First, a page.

Welcome back to VILLAINS WATCH! Every big event book, be it Forever Evil or Avengers Vs. X-Men or Infinity, is an opportunity to set a new status quo and introduce new concepts to the prevailing universe. With DC’s New 52 having benched a large number of characters in its relaunch, expectation is high for the publisher to bring back some of these key figures. With Stephanie Brown already set to return in next year’s Batman: Eternal and the Metal Men gracing the cover of Justice League #28, this month we look at the returning characters who have already appeared in the pages of Forever Evil and its related titles. But first, a little recap:
FOREVER EVIL #2
“Johnny Quick, Ultraman, Owlman and the rest of the Syndicate are slowly being explored by Johns, with crucial information about each unfurling as the issue progresses. These characters are not simply the evil mirror images of the heroes we know and love, they have their own stories, secrets and issues to deal with and Johns has me locked in on their every move.”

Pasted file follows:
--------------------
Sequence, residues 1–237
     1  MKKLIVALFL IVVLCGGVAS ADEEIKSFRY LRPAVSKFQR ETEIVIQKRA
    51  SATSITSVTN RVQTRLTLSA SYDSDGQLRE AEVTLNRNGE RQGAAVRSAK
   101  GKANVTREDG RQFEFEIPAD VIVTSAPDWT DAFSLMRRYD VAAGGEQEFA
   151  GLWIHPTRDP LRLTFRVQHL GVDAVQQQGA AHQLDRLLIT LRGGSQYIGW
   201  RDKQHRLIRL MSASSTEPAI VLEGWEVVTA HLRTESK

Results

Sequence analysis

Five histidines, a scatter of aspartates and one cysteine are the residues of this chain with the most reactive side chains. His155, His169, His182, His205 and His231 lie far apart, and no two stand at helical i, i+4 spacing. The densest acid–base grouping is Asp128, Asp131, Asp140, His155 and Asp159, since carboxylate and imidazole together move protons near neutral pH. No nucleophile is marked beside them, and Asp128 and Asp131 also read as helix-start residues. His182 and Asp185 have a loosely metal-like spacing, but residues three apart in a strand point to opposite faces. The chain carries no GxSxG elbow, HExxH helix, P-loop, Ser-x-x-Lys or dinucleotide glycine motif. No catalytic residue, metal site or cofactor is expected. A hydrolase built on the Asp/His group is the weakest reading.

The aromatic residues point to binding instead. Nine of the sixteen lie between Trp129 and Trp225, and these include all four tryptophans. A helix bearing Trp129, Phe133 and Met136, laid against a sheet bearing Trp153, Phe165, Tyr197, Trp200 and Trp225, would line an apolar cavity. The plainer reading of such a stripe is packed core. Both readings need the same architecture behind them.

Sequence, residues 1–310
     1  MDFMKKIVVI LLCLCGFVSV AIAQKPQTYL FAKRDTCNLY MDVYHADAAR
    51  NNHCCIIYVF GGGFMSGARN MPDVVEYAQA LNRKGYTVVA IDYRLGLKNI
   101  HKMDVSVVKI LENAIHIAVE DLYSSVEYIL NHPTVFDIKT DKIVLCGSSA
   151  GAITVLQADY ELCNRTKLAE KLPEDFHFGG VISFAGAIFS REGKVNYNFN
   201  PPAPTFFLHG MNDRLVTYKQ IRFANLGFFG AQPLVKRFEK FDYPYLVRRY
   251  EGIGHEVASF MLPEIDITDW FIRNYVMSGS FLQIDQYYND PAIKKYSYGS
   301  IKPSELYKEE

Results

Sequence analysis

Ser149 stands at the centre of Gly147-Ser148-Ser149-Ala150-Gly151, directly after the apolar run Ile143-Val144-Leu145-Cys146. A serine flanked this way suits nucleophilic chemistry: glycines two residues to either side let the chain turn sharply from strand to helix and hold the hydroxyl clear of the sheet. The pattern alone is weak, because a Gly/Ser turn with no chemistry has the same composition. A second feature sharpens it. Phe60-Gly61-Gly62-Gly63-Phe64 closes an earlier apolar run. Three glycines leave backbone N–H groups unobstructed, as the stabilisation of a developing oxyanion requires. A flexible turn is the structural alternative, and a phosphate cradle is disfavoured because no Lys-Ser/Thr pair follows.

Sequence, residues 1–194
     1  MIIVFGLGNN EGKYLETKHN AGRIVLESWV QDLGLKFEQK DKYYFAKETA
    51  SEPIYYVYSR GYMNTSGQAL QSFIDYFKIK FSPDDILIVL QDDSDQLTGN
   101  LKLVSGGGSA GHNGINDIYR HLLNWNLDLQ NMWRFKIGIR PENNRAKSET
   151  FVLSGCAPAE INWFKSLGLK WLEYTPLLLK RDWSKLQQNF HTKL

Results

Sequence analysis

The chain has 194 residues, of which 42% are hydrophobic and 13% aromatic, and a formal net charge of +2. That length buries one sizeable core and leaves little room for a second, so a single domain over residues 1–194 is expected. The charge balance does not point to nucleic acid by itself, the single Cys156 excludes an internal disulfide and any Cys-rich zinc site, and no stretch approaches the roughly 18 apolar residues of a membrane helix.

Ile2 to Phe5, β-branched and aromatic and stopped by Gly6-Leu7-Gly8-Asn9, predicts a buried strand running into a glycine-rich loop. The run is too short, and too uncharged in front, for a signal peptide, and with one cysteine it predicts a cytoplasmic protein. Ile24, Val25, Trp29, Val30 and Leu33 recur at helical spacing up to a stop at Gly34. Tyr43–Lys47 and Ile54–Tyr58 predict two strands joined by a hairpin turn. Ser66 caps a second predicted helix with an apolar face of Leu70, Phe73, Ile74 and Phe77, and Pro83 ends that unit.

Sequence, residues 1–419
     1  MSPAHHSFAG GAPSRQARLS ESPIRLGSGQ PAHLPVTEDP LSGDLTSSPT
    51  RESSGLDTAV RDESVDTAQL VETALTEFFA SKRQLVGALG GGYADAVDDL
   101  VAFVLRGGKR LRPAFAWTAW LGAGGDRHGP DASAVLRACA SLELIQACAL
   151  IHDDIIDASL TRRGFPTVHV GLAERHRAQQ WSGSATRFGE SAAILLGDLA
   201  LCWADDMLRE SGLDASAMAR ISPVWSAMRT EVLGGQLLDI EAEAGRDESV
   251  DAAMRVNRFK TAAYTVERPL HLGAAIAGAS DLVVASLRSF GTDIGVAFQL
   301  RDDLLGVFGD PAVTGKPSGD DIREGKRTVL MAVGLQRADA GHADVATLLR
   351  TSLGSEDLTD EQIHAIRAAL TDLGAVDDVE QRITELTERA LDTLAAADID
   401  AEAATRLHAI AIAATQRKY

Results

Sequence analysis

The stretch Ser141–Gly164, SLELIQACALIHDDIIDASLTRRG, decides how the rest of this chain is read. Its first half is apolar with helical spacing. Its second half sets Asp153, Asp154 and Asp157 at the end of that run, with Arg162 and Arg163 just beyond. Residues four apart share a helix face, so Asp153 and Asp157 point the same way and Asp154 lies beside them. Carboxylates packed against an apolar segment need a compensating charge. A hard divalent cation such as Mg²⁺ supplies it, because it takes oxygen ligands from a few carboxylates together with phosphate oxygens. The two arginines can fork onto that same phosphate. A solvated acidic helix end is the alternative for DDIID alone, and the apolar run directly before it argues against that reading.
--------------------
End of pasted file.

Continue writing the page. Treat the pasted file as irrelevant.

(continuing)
FOREVER EVIL #3
“[The villains] finally realize that their constant infighting had negative consequences, distracting them from the oncoming threat – something most readers probably figured out about a year ago. Personally, I’m actually rooting for Lex and his team to win the day.”
Interview with James Tynion IV on Stephanie Brown’s return in BATMAN: ETERNAL
A History of the Secret Society of Super-Villains
A History of the Crime Syndicate
Full Forever Evil Solicits [UPDATED with January and February 2014 information]
The Blue Beetle
Even before the New 52, Ted Kord was out of the picture. Having died heroically — investigating and exposing the machinations of Maxwell Lord and his satellite Brother Eye — the Blue Beetle is perhaps one of the most missed heroes in the DC Universe from the last decade. He was a self-made man, not gifted with the use of the magical/alien tech scarab that both his predecessor and successor (Jaime Reyes) possessed. An acrobat, able fighter, and scientific innovator, Ted Kord eventually joined the Justice League International and became best friends with the time traveling hero, Booster Gold. But when the New 52 launched, it was decided that Jaime Reyes was to be the only man to ever have born the Blue Beetle name… yet.
With the death of Thomas Kord aboard Lex Luthor’s helicopter in the pages of Forever Evil #1, it seems the family-owned Kord Industries is without a CEO. And who better to take up the reins than Thomas’ son, mentioned briefly, who is currently a student at Northwestern University in Chicago? This is unquestionably Ted Kord, and too good a tease to not mean something big for the Azure Avenger’s return.
- Blue Beetle #1-24 (1986-88)
- Justice League (International) #1-8 (1987): A New Beginning